For somebody to do just one thing all day, for it to become the only thing he wakes up for at the crack of dawn and return home at dusk, feeling the sweet soreness from pursuing that one thing he knows – there must be a reason, an experience, a moment – where it all began. To me, it was the time spent riding my father’s shoulders all the way to our coconut grove where I could watch him step into his rope and grip the trunk with his powerful hands before shooting up the tall and slender coconut trees to tap Neera – the sweet nectar of dawn!
I saw him do this tirelessly everyday. Watching him climb so nimbly was a treat. I wanted to try it too. Patiently, he showed me and taught me the nuances. I shadowed his movements and finally, there I stood, atop the lowest coconut tree in the grove, standing proud, beaming down at my hero.
From that day, until now, it is all that I have done. Some people may find it a not-so-intelligent profession that requires no formal education. But they are the ones who haven’t climbed up a coconut tree or felt its grooves to ascertain how young or old it may be. They haven’t pressed their feet against its trunk to gauge how strong or weak it is. They haven’t stood on top and known the anatomy of the leaves, the fruit and the flower, like the back of their hands.
They haven’t looked at the fruit stalk and learnt to make the most accurate slits to harvest Neera. For a slit made slightly off centre might result in a wasteful yield. There are as many little details as the stars in the sky and I am proud to have mastered this art, for I consider my profession an acquired skill that is as old as the epics that were whispered to infants at bedtime since ages ago.
Just as it is ancient, it is sufficient in its own technique. Some people don’t see that introducing the newest of inventions everywhere does not always result in a favourable outcome. Today, people use a long stick that extends into a machete where one doesn’t have to climb up a tree but could just snip away at the nuts from the bottom.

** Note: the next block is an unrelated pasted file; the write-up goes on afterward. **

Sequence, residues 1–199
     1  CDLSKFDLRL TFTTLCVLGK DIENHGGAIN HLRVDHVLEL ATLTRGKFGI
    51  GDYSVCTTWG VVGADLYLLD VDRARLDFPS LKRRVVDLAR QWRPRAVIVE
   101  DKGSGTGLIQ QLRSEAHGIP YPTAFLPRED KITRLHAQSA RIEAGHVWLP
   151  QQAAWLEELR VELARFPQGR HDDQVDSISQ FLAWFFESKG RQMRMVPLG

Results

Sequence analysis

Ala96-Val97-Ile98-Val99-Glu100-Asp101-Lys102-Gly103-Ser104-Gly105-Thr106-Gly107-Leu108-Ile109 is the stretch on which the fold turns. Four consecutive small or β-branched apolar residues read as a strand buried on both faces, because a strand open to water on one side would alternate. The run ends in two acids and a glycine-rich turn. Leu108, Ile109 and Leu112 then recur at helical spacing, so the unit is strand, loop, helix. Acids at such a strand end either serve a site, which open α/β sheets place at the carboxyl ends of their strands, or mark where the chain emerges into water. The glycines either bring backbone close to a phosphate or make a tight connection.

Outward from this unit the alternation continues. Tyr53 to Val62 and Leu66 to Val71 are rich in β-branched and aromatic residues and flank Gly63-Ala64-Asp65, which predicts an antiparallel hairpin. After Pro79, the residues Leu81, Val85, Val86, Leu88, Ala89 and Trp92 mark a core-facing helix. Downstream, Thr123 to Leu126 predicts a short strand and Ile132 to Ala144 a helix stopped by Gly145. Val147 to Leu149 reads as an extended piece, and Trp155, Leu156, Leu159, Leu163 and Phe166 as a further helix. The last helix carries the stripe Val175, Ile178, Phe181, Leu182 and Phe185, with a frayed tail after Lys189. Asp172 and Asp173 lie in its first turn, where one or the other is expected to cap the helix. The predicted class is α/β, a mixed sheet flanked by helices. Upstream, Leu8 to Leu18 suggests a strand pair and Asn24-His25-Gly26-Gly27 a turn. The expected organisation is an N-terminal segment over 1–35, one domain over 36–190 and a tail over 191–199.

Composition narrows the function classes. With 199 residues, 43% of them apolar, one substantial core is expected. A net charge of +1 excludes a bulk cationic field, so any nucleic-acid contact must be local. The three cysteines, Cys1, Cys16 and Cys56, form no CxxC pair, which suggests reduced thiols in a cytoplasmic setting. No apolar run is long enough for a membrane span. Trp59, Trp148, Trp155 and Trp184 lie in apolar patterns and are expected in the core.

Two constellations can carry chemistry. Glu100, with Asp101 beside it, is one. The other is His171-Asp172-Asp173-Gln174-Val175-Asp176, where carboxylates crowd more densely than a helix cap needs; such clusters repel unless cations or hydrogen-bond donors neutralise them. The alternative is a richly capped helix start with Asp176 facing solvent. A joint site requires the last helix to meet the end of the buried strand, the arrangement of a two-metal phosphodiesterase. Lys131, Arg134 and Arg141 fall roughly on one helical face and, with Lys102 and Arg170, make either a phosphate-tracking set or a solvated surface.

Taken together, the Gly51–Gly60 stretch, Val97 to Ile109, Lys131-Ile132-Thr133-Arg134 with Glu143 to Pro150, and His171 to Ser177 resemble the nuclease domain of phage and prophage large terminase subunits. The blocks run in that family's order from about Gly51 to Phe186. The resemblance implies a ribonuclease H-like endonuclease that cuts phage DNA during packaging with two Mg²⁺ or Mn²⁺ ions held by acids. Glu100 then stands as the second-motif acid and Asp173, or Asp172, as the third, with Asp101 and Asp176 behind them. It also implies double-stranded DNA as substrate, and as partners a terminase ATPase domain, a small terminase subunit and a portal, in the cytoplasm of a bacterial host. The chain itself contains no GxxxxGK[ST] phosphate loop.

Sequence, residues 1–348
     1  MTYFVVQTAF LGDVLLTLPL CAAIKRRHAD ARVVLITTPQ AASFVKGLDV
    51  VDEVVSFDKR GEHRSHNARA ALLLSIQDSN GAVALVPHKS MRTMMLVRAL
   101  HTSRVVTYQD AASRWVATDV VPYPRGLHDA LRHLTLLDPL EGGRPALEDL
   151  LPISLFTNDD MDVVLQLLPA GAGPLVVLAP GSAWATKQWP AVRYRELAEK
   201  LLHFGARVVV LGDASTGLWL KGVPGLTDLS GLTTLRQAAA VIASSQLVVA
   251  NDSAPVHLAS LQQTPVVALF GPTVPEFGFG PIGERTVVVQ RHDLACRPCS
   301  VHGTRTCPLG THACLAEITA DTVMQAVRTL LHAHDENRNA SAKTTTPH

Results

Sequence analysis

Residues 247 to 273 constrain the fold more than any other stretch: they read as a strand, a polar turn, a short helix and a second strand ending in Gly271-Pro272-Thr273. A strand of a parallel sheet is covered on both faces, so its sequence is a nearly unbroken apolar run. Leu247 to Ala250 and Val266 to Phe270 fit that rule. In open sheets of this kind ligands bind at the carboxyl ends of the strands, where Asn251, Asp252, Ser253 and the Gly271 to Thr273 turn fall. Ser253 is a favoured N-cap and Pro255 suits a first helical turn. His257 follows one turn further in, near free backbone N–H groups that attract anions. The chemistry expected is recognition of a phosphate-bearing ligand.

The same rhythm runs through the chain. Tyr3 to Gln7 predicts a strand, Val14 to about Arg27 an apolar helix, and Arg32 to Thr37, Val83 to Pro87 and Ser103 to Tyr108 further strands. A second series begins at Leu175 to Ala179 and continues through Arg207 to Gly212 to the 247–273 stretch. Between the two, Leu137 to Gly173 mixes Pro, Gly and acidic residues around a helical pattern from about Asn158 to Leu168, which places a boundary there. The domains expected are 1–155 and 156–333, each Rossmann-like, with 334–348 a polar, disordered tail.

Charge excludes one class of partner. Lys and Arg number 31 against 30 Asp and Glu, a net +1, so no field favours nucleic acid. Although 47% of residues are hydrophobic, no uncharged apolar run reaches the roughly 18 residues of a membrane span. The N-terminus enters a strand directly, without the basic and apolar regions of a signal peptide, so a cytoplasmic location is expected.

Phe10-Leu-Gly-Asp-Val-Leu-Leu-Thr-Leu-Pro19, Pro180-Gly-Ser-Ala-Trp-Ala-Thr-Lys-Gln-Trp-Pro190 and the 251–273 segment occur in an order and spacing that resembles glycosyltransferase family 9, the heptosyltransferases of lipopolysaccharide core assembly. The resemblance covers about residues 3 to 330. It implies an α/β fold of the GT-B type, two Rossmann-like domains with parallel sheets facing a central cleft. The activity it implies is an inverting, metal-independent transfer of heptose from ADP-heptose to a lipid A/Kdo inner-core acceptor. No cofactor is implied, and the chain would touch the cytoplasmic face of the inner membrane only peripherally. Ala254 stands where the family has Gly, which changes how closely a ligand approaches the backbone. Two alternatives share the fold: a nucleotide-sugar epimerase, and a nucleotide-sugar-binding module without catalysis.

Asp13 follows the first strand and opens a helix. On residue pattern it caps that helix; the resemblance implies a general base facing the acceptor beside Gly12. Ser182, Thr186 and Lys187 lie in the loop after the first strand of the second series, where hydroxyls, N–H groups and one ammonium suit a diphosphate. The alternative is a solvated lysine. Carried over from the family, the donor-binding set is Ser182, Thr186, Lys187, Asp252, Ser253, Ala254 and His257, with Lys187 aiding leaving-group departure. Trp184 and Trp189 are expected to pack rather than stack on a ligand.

But, I have stuck to my climbing prowess. Only when you are up there will you know if a nut is mature and if the tree needs pruning. If there is an infestation or if the tree needs attention – none of this can be learnt from the ground below. I climb when it rains, I climb when it is night, I climb when it is cold or humid. Every once in a while, I find myself atop the tallest tree in the grove. The sight I cherish the most is to gaze at the miniature lights flaring through the mist-filled winding hill-roads enroute Valparai once the sun goes down!
I am 54 years old and I feel blessed to still possess the agility and strength of a hardened youth. It’s only because I have been climbing trees all these years. If I had relied on mechanical support, I would have grown lazy and weak by now.
To go to bed content with the work you have done in the day and to drift into a well deserved slumber until the alarm rings at 4:30 a.m. is a sweet feeling!
My name is Venkatachalam and I hail from the historic village of Samathur. For the past forty years I have been climbing coconut and palm trees for a living.